Real estate investors spend a lot of time, money, and effort finding the right rental property, screening tenants, and taking care of and making upgrades to the property to maximize return on investment.
A key part of owning rental property is having the right landlord insurance coverage to help protect your valuable investment.
However, it can be challenging to find the right policy coverage at the best price, especially given the number of insurance carriers there are to choose from. Similar to a typical homeowners policy, landlord insurance for rental property comes in all shapes and sizes, with different pay-out options and types of coverage.
This article sheds more light on how much landlord insurance costs, the factors affecting the annual premium for landlord insurance, and the different coverage options available. Let’s begin by discussing the three main risk categories covered by landlord insurance.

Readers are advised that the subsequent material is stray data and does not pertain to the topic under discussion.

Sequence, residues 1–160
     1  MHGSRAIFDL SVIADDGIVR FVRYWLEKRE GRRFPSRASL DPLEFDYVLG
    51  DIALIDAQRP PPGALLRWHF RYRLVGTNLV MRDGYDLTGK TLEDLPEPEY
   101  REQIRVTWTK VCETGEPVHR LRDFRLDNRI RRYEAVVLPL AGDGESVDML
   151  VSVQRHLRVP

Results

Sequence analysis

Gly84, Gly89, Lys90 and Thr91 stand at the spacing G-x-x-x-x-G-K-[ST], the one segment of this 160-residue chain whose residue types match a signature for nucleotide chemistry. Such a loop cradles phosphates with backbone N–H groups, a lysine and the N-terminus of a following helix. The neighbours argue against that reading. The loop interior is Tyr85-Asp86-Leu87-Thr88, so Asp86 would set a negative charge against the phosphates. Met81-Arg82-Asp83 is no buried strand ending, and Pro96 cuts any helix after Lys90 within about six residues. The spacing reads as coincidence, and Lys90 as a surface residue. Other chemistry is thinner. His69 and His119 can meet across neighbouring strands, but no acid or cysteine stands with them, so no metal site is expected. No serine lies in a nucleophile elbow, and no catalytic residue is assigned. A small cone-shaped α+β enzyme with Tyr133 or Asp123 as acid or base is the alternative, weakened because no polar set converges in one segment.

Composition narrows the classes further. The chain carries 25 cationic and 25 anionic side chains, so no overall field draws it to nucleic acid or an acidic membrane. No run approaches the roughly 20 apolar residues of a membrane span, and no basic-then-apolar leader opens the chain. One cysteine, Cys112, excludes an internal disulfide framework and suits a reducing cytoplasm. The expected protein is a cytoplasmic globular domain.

What Does Landlord Insurance Cover?
A landlord policy covers three main categories of risk.
2. General Liability: Claims a landlord may face from injuries to a tenant, a tenant’s guest, or a neighbor. As a rule of thumb, covered costs can include medical expenses, legal fees, costs to settle a lawsuit, and funeral costs.
3. Loss of Income: One of the main reasons investors purchase rental property is for the recurring income stream. But sometimes, things like natural disasters can leave the property uninhabitable. Landlord insurance may reimburse a landlord for lost income when the property is being repaired, and a new tenant is located.
Additionally, you could add extra coverage or riders to your policy to cover claims arising from flooding, water backup, natural disasters, personal items used in a rental property – such as furniture and appliances owned by the landlord – and more.
Landlord Insurance vs. Homeowners Insurance